- Director: Amar Kaushik
- Cast: Ayushmann Khurrana, Bhumi Pednekar, Yami Gautam, Saurabh Shukla
- Rating: 4 / 5
Film begins with the voiceover of a hair follicle. It explains how it plays the role of ‘The Taj’ in any homo sapien’s life. Later in the film, a ten-year-old girl gets mocked by his classmate for being dark complexioned. Also, an adult female explains to her husband how in spite of getting just 45% in the exams, lots of boys in her college were mad for her because she looked charming and how the 500 likes that gets on her pictures define her life. She also says, “Aao Honeymoon ki Tiktok banayein (Let us make Tiktok of Honeymoon)”. Now all these scenes are intended to make the audience laugh but subconsciously the gravity of emotions never disappear and here lies the beauty of Bala.
This is the second film of Amar Kaushik who surprised us last year with Stree which wassuperficially a horror comedy but was actually a commentary on the status of women in our society. Here in Bala too, Kaushik tries to emphasize the obsession of this generation to look picture perfect.
“Hum looks mein compromise nahi karte” (We don’t compromise in looks), says mother of a Lucknow Tiktok star in one of the scenes.
And in this Kaushik’s chariot, Ayushmann Khurrana takes the front seat. Playing a frustrated and confused marketing agent of a beauty brand and suffering from Alopecia, Khurrana is so convincing in his act that it is hard to believe he is the same Ayushmann we know. And in spite of playing the same middle class small town characters (as in Shubh Mangal Saavdhaan, Dream Girl, Dum Laga Ke Haisha, Bareilly Ki Barfi) he somehow manages to bring originality in each one of them. Ayushmann has brought versatility in places having cent percent chance of being repetitive and for an actor(and also for the audience) this is the real victory. In some places where writing falls flat, Ayushmann comes to the rescue and delightfully saves the day.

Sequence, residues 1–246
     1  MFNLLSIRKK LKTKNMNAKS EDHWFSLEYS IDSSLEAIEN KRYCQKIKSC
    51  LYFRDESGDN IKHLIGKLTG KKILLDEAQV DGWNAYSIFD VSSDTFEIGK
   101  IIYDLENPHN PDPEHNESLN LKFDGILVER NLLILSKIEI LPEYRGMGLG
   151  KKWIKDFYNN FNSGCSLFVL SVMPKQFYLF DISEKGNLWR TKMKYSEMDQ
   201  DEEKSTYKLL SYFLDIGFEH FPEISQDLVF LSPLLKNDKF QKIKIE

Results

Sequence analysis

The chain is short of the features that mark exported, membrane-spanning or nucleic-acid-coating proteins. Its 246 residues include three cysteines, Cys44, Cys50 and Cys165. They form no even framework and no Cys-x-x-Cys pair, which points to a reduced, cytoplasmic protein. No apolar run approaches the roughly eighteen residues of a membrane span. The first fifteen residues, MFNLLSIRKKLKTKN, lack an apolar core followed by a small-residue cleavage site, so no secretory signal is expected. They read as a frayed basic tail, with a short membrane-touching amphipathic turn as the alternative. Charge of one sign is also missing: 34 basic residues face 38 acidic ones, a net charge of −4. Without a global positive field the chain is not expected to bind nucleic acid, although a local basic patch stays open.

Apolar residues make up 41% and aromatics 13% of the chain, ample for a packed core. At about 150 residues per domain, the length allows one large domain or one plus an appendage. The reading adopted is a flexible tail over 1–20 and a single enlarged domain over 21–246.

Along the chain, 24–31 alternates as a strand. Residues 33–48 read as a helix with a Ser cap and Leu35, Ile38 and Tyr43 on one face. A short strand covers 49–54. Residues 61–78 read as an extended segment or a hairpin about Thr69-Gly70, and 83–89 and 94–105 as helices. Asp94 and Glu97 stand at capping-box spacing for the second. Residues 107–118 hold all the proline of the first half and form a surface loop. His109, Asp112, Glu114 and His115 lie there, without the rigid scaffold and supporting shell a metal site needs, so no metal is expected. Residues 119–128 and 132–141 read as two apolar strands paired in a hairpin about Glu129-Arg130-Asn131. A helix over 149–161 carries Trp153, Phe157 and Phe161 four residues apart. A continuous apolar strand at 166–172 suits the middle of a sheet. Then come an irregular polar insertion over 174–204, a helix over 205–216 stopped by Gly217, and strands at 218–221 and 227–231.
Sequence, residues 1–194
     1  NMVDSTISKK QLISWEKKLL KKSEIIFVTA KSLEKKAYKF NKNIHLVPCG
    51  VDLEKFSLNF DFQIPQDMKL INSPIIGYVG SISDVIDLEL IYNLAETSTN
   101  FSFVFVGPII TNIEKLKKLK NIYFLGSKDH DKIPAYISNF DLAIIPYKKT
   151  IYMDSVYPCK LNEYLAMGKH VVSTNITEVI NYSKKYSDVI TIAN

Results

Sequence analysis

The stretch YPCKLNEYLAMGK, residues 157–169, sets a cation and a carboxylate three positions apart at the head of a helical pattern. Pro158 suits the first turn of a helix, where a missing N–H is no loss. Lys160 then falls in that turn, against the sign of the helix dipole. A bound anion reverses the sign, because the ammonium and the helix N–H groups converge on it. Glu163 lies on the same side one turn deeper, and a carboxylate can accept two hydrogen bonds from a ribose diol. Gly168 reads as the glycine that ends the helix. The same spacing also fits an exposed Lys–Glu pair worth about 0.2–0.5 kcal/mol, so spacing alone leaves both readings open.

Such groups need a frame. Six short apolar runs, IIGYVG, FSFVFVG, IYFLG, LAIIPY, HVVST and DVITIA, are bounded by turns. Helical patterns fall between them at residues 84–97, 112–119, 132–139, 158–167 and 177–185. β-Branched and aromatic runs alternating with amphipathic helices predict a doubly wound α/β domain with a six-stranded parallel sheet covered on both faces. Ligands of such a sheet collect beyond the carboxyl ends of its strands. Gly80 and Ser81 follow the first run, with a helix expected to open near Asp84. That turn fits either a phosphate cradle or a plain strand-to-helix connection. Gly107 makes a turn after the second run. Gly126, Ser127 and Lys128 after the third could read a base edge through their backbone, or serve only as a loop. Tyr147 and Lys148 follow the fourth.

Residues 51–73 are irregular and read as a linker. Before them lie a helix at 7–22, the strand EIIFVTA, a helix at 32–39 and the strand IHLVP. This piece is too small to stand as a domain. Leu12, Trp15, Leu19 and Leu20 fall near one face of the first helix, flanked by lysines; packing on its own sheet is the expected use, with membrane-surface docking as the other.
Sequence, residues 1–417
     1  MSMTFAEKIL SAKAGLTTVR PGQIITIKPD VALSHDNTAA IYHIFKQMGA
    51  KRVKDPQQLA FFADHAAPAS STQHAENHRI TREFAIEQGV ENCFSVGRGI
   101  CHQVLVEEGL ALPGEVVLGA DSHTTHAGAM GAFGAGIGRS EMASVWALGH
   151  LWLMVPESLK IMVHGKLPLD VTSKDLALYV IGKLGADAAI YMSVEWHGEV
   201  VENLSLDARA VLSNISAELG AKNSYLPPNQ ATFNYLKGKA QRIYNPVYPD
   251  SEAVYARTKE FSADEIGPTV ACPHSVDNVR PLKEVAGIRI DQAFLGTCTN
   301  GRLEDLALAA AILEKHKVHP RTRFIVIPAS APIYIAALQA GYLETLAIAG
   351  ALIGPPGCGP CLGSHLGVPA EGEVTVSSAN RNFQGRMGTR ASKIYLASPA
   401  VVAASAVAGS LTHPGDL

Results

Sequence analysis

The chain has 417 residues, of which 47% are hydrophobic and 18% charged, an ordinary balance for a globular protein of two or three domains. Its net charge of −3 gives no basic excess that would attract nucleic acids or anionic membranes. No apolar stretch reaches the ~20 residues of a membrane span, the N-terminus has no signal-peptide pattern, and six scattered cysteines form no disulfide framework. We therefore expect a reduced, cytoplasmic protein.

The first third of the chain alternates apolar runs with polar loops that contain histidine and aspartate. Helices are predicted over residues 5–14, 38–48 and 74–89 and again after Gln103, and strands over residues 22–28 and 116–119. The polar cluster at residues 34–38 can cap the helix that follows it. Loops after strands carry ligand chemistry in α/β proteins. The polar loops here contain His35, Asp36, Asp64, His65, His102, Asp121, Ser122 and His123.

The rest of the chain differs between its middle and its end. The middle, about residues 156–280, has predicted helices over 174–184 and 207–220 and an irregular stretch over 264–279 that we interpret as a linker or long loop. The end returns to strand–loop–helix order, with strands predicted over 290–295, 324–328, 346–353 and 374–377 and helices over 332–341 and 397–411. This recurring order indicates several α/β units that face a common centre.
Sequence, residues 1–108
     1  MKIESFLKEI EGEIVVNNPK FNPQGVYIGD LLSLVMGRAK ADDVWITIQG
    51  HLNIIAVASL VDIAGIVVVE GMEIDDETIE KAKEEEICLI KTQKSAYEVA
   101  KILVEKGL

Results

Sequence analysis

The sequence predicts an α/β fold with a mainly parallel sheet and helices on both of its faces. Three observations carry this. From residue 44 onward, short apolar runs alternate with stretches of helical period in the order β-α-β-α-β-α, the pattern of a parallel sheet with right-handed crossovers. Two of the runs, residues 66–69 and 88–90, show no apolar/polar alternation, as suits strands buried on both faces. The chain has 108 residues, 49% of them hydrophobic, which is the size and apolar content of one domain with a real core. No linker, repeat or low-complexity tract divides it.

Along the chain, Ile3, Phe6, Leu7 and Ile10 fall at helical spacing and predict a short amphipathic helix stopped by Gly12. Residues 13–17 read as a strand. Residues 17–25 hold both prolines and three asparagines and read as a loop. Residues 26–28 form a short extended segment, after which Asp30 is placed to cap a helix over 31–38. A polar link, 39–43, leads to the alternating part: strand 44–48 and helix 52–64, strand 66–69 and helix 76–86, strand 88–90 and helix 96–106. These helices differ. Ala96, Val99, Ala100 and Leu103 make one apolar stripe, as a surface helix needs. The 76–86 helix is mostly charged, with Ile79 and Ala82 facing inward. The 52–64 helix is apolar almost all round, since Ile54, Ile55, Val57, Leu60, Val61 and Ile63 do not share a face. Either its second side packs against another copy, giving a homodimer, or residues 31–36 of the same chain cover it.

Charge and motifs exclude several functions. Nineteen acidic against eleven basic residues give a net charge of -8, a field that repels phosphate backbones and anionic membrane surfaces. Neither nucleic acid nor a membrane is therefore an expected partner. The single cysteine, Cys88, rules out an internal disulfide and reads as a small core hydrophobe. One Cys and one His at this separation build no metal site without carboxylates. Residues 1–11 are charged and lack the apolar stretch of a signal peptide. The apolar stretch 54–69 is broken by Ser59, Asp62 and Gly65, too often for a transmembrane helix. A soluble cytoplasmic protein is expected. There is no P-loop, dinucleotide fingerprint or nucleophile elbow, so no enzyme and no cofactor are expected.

Yami Gautam and Bhumi Pednekar are aptly cast. Pednekar’s skin tone has been darkened unconvincingly but she perfectly carries the task of being the moral anchor of this film.
In spite of having flaws, I genuinely want people to watch this film. With the advent of internet, technology and social media we have turned so narcissistic and shallow as humans that there is no room to celebrate individuality. Bala, with genuine intentions, stands in front of us holding a mirror.